Beginning about one million years ago climatic changes caused winters to lengthen in the northern part of the continent, and snowfall to increase but not melt in the short, cool summers. Great masses of ice accumulated over a period of years in the Hudson Bay region to form continental glaciers similar to the two-mile thick ice caps of Greenland and . Altogether during the Great , there were four or five major glacial advances. Interspersed between advances, climates moderated and soils developed. In , records of by the early invasions have been obliterated or buried and we refer mostly to the last major advance and retreat of R. W. KELLEY the glaciers, called the Wisconsin Stage. Sketches by Jim Campbell Ice fanned out prominently from the Laurentian *Article originally published in Michigan Conservation, Special Great Highlands, east of Hudson Bay, and pushed southward Issue, July-August 1960, Vol. XXIX, No. 4: Michigan Department to central , , and . The earlier stages of Conservation, Lansing, Michigan. had advanced as far south as the . As the Just a few years ago, geologically speaking, a glacier Wisconsin glacier moved forward, it enveloped the loose passed this way, and that's why the Midwest has the surface materials developed during the earlier stages. It . also worked into breaches and around ledges in exposed bedrock and plucked off chunks. By the time it How do we know a glacier passed this way? There are reached Michigan, the ice had incorporated an no glaciers within hundreds of miles of the Great Lakes enormous volume of all kinds of rock debris. today and the ice fields of are restricted to isolated mountainous areas of the northwest. But let's Prior to glaciation, the Michigan area had been above look at the evidence. sea level for some 200 million years. Since there is no record of deposition that can be correlated with deposits Studies of existing glaciers reveal the mechanics of ice of this age in other adjacent areas, it is assumed that movement and the nature of glacial deposits, so that erosion was taking place. Probably great river systems, comparisons with Michigan soils leave no doubt about drained eastward, were eroding valleys in the areas now their glacial origin. occupied by the individual basins of the Great Lakes. As One characteristic of glacial deposits is their variety of the glacier approached the Great Lakes area, it took the rock from widely scattered geographic areas. A good course of least resistance, moved into the old river example is jasper conglomerate, a distinctive formation valleys, and divided into major lobes or ice tongues. As that outcrops only in north of Huron. Yet the lobes advanced, they deepened and broadened the pieces of it are scattered throughout eastern and central valleys into basins. Michigan and elsewhere. Rock specimens from copper The ice pushed over all of Michigan — the only state and iron formations of the Upper Peninsula are found in completely covered — and continued southward. Over- southwestern Michigan. Once it was believed that riding the drainage divide, it pressed downslope into the drifting icebergs carried these stones southward, hence watershed of the old system. Its the word "drift," the general term for all materials of advance was finally halted short of the present Ohio glacial origin. River, when new climatic changes made cold give way In non-glaciated regions, soils are derived from the to warmth. weathering and decomposition of bedrock. The ancient Then started a grand retreat that gave rise to the most bedrock formations in Michigan are generally covered complex succession of lakes known to geologists. The with an average of 200 to 300 feet of drift — in places retreat was not continuous, but was marked with many more than 1,200 feet. halts and occasional re-advances. Drift was released Perhaps the most spectacular evidence of glacier from the glacier in a rather "orderly disorder." movement over this region is in the ice-inflicted carvings As long as the glacier margin was within the Mississippi and scorings in pre-glacial bedrock surfaces. They are drainage system, meltwaters were free to escape most prominent on fresh bedrock surfaces, such as southward away from the ice front. When the ice those exposed when the overburden is stripped in stone retreated north across the old divide into the "Great quarries. Frequently this "glacial pavement" is polished Lakes" watershed, the melt-water no longer had an to a luster. Directional striae, or scratches, are always unrestrained flow southward. Surrounding present. Flutings and grooves are common, some also became barriers. Figure 1 in the series of maps attaining depths of several feet. In places in the Upper shows the position of the ice margin at this time. Peninsula, small protruding irregularities in the old hard rock formations have been ice-sculptured and As the ice lobes retreated into their originating basins, streamlined so they now appear to be "elephant backs" tremendous volumes of meltwater were ponded between emerging from the soil. the glacier front and the inner, or northerly, sides of an A Glacier Passed This Way – Page 1 of 3 earlier . Thus were born the first ancestors of formed earlier when the receding water level in that the Great Lakes, Lake and . basin encountered resistant limestone in the to create . As the ice retreated in the The next major halt of the ice was at the site of the Superior Basin, grew in size and continued morainic system called the Lake Border (Fig. 2). to discharge south. Previously the glacier had retreated farther north only to readvance to this position. in the It required about 2,500 years for the glacier to melt back Michigan basin and Lake Maumee in the Erie basin, from Fig. 4 to the position shown in Fig. 5. As the ice therefore, had several different stages prior to those margin retreated northeastward across Ontario, the Port illustrated. Drainage was to the Mississippi. Huron outlet was abandoned and a succession of progressively lower eastern outlets were uncovered, Lake Chicago discharged through the ; Lake resulting in a series of low water stages. The Maumee, through the glacial Fort Wayne- culmination was the extreme low water interval dating most of the time, but for a while, it also flowed north about 6,000 years ago (Fig. 5) when Lakes Chippewa through the Imlay outlet, across the "Thumb" (Fig. 5) to and Stanley discharged via the North Bay outlet and the the old glacial that flowed west to Lake to the salty St. Lawrence Sea — an Chicago. During Lake Border time, Lake Chicago was Atlantic embayment that encroached over the St. all but forced out of its basin. Lawrence lowlands into the Ontario basin. The North Another retreat freed much of the lake basins of glacial Bay outlet was near sea level. Discharge from Lake ice and developed throughout the lowlands Chippewa cut the now submerged deep river gorge in of the Erie, Huron, and Saginaw basins. It washed over the . the but continued to discharge The Wisconsin glacier then permanently retired from the across the glacial Grand River to Lake Chicago which , returning to the area where it first was still draining to the Mississippi. began to grow some 65,000 years ago. As the weight of Then the last major ice readvance and long halt the glacier was departing, the earth began to "spring" occurred. This was the time of the building of the most upward in what is called crustal rebound and the North prominent morainic system of all — the Port Huron — Bay outlet rose gradually and continued to handle the which may be traced, with few breaks, from Minnesota to discharge during the transition to the next and last New York (Fig. 3). The advancing Huron lobe separated glacial lake stage — the — the Lake Arkona into , largest of the glacial largest of all the Great Lakes stages. Rebound also lakes in southern Michigan, and , a forced the St. Lawrence Sea to recede back to the shallow pond-like lake in the Saginaw lowlands where its Atlantic so that fresh waters entering the basin could shore lines are about 125 feet above, and some 45 to 50 form . About 2,000 years elapsed before miles inland from the shore lines of today. Lake rainwaters eventually filled the upper lakes basins. The Whittlesey discharged through the Ubly outlet (northern main Nipissing stage (Fig. 6) was attained when part of "Thumb", Fig. 3) into Lake Saginaw which discharge was restored to both the Chicago and Port discharged to Lake Chicago west across the glacial Huron outlets simultaneously with the North Bay outlet. Grand River. These outlets provided stability that allowed to endure for about 1,000 years. With further retreat of the glacier, water surfaces of Lakes Whittlesey and Saginaw merged to form Lake About 3,000 years ago Lake Nipissing began to wane. Wayne, but now the ice had uncovered a lower outlet The North Bay outlet had been abandoned because of across the Mohawk Valley in the vicinity of Rome, New crustal rebound, thus forcing the full discharge through York. The glacial Grand River outlet, being higher, was the Port Huron and Chicago outlets. The Chicago outlet, abandoned and for the first time, one of the early Great having a bedrock sill, resisted downcutting. The Port Lakes drained eastward to the Atlantic. Huron outlet, being channeled in unconsolidated glacial drift, was subjected to steady downcutting. When the There was one last readvance, about 11,000 years ago, water surface dropped to the level of the sandstone sill that again blocked the Mohawk outlet and raised the in the St. Marys River, was born. When lake level about 20 feet to the next stage — Lake the lake level dropped below the Chicago outlet, Lakes Warren — which restored discharge through the glacial Michigan and Huron were born. Grand River to Lake Chicago, thence to the Mississippi. Further retreat re-opened the Mohawk outlet and, again, Is another glacier due to pass this way?? — Could be! the glacial Grand River was abandoned during the When?? — I don't know — look me up in about 15,000 stages of Lakes Grassmere and Lundy in the Huron-Erie years! basin. In the Superior basin, Lake Duluth was forming and it discharged south to the Mississippi. Robert W. Kelley was born in Detroit in 1918 and received his Masterate in from Wayne State University in 1950. He After the ice had withdrawn completely from the joined the Department in 1955 and is presently research geologist Southern Peninsula, waters of the Michigan and Huron for the Geology Division. basins rose to form vast (Fig. 4) which discharged at Chicago and Port Huron. had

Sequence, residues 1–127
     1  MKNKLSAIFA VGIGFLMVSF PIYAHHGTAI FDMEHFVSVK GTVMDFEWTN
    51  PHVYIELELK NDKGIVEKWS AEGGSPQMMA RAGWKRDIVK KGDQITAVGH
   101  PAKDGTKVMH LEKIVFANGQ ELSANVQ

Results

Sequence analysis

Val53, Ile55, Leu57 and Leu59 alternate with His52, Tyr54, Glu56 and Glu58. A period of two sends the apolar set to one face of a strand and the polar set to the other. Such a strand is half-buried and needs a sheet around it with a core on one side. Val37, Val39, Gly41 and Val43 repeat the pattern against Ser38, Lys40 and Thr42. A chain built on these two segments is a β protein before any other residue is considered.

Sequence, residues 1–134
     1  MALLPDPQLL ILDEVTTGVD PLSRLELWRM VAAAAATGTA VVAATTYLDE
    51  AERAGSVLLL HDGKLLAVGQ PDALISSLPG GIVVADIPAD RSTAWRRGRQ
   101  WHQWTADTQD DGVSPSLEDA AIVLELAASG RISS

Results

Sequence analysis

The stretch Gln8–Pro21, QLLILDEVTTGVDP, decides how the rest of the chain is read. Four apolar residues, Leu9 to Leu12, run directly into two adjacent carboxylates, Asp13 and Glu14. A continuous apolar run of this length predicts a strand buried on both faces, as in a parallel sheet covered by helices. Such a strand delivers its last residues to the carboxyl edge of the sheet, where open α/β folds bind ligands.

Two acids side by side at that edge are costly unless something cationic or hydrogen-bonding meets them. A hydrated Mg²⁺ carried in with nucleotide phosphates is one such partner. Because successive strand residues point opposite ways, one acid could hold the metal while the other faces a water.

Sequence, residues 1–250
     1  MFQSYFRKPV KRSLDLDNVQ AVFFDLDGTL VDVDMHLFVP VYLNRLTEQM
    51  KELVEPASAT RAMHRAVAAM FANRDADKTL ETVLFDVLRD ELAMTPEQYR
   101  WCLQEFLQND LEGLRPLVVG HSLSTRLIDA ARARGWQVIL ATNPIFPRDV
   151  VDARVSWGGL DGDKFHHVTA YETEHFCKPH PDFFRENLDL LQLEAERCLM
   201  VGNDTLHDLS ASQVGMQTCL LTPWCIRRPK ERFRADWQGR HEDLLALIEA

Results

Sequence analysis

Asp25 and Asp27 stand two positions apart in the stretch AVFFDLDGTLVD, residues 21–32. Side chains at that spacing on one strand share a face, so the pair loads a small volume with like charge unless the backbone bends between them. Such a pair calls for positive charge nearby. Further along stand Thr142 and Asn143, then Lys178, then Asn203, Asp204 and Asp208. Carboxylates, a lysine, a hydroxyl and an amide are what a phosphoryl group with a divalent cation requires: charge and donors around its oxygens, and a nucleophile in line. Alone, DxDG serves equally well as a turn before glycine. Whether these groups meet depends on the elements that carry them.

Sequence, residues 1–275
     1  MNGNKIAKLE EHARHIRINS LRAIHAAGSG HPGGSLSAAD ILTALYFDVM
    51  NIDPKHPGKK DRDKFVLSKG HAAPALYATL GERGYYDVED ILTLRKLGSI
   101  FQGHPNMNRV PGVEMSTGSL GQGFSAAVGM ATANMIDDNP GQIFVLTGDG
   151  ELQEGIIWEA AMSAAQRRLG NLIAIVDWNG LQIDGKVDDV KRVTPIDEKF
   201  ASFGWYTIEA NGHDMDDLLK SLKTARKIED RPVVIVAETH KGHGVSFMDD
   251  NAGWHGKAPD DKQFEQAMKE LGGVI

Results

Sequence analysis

A Glacier Passed This Way – Page 2 of 3

A Glacier Passed This Way – Page 3 of 3